Smartphones are worth considering separately because they emit radiation and have become such a large part of our life. Some ways to protect yourself include:
Use an EMF-protective cell phone case
Use the hands-free speakerphone mode for phone calls
Don’t carry your cell in your pants pocket or tucked into your bra
Disable Bluetooth and data while you are not using them
Charge your phone in a different room, and not using a wireless charger
It’s worth knowing that there are some times when the radiation emissions from your cell phone can be much higher. These include :
When you are trying to make a phone call in areas of low network signal .
Solution: Unless it is an emergency, wait until the signal is stronger before using the phone.
When several apps are active.
Solution: Shut down apps you aren’t using so they don’t run in the background.
When your cell phone or device is streaming audio or video, or downloading large files.
Solution: Where possible, download files onto your device (instead of streaming). Prioritize a corded internet connection when using social media or making video calls.
When using your cellphone/tablet in your car.
Solution: Keep your phone on airplane mode, only making calls if really necessary. Choose a non-wireless GPS model for navigation, and try not to stream inside vehicles.
My Take on EMFs
I don’t consider EMFs a big risk to my own health, but I do keep my phone in an EMF-blocking case and use an EMF-shielding laptop screen as these are easy wins. I also keep my WiFi router in a location where I’m not physically close to it during the day or at night, and I do not charge my phone near my bed at night.
Which changes you make will depend on your own risk assessment: what works for me may not work for you. However, I do think it’s worth reiterating that for most people, the distance you are away from an EMF-transmitting device is probably the most important factor of all. For example :
If you stand 6 inches away from a 60-hertz magnetic field (which is typical for many commonly used electronic devices), you’re exposed to 90 milligauss (mG) of magnetism.
If you stand 1 foot away, you’re exposed to 20 mG.
At 2 feet, it’s 7 mG.
At 4 feet, it’s only 1 mG
If you are seeking ways to enhance your EMF protection, consider distancing yourself from electronic devices when not actively using them.
Conditions That Have Been Linked with EMFs
Let’s look in a little more detail at some of the health issues that have been linked to electromagnetic radiation and EMF exposure.
The jury is still out on how EMFs may affect sperm, and research on the topic over the last 10 years has had conflicting conclusions.
Largely, animal and in vitro (lab) studies have shown that cell phones and WiFi routers may negatively impact sperm, but human real-world studies have been far less conclusive [7, 8, 9, 10, 11].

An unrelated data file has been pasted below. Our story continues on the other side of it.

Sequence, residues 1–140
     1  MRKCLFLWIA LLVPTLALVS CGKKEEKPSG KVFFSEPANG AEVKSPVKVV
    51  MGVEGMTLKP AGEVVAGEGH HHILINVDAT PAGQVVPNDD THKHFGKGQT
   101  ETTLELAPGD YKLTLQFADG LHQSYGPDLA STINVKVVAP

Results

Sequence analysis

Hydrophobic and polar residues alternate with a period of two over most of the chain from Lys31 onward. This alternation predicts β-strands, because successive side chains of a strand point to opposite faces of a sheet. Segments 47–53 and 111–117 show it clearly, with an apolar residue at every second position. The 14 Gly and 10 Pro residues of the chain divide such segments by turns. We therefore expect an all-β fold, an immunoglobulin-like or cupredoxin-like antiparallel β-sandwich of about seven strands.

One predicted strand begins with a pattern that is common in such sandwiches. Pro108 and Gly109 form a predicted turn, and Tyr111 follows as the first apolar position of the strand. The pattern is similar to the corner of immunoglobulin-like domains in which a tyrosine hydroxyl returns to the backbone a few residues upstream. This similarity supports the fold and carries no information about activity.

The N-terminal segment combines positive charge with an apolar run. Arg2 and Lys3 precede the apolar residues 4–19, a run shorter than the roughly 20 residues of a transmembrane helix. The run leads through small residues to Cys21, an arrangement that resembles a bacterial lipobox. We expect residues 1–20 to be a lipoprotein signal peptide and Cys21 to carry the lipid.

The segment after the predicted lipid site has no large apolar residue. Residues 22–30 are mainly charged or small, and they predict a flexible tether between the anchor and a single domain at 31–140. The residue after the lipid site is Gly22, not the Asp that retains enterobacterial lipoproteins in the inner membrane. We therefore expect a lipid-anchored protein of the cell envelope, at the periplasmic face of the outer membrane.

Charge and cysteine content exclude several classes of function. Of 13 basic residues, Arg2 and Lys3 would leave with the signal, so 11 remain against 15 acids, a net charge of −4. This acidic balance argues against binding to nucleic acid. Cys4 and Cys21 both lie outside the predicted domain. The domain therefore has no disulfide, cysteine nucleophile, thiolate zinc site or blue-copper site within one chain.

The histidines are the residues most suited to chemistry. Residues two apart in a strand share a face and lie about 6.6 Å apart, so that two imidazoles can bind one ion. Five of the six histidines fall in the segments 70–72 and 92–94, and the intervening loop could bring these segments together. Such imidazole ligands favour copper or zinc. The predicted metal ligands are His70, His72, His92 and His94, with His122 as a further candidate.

One 2021 MA showed that cell phone use may be associated with reduced sperm motility, viability, and concentration in humans , and one observational study found that WIFI routers may negatively impact counts, motility, and DNA integrity of sperm .
However, another meta-analysis of human studies did NOT support an association between cell phone use and sperm quality overall, though in East Europe and West Asia, cell phone use was related to reduced sperm density and motility .
From all this, we can only say that there is a tenuous link between EMFs and male fertility, and we don’t know if it is causal.
If you’re a man concerned about your fertility, it’s easy to reduce your exposure to higher EMF levels (e.g. cell phones and WiFi routers) by shielding and keeping your distance.
As far as female fertility is concerned, one systematic review discovered that physiotherapists exposed to radiofrequency EMFs from diathermy devices at work were more likely to take longer to get pregnant, have miscarriages, and have other pregnancy abnormalities. However, the evidence was inconsistent with earlier studies, and no cause or effect relationships could be determined .
Low-quality evidence suggests that people who are exposed to high levels of EMFs at work may be slightly more likely to develop Alzheimer’s [13, 14]. Low-quality evidence also supports the possibility that both residential and occupational exposure to EMFs may be linked to a higher risk of developing Amyotrophic lateral sclerosis (ALS) [14, 15].
Again there is enough of a potential risk here to take care around EMFs but not enough to be unduly concerned.
Higher exposures seem to be the issue, so again, employing as many simple EMF protection measures as you can is key. This may also involve talking to your employer about mitigation strategies if you are exposed to high EMF levels at work.
Brain Tumors (and Cell Phones)
It’s obviously an alarming thought that EMFs from the use of a cell or cordless phone could be increasing your brain cancer risk, so let’s look at the evidence carefully.
The bad news is that using a cell phone for more than 10 years has been associated with a higher risk (1.32 times greater odds) of brain tumors, especially when people used the phone mainly on one side of their head .
High cumulative exposure to the use of radio frequency (RF) radiation fromwireless phones (cell phones and cordless phones) was specifically associated with a higher risk of glioma brain cancers .
The good news is that you can easily massively reduce the risk by following the tips for safe mobile phone use above, such as using a shielding case and using your phone hands-free.
While some people are certain that they are extra sensitive to the effects of EMFs, there is no scientific consensus on this topic, and further research with improved study design is needed [18, 19, 20].
One review that analyzed 2,000 self-reported cases of electromagnetic hypersensitivity (EHS) and/or multiple chemical sensitivity (MCS) found that in approximately 80% of these patients, there were :
Signs of oxidative stress in their blood
Abnormal blood flow to the brain, particularly the limbic system and thalamus
The researchers concluded that EHS could be recognized as a neurological disorder with public health implications.
However, two other reviews concurred that the question of whether EMF hypersensitivity is real remains unresolved, due to inadequately designed and unreliable studies.
Different research approaches are required to confirm whether EMFs, or some other factors, are responsible for the symptoms seen in people who believe themselves to be EMF-sensitive.
The Nocebo Effect
This is all complicated by a strong “nocebo effect” that has been noted in people who believe themselves to be EMF sensitive.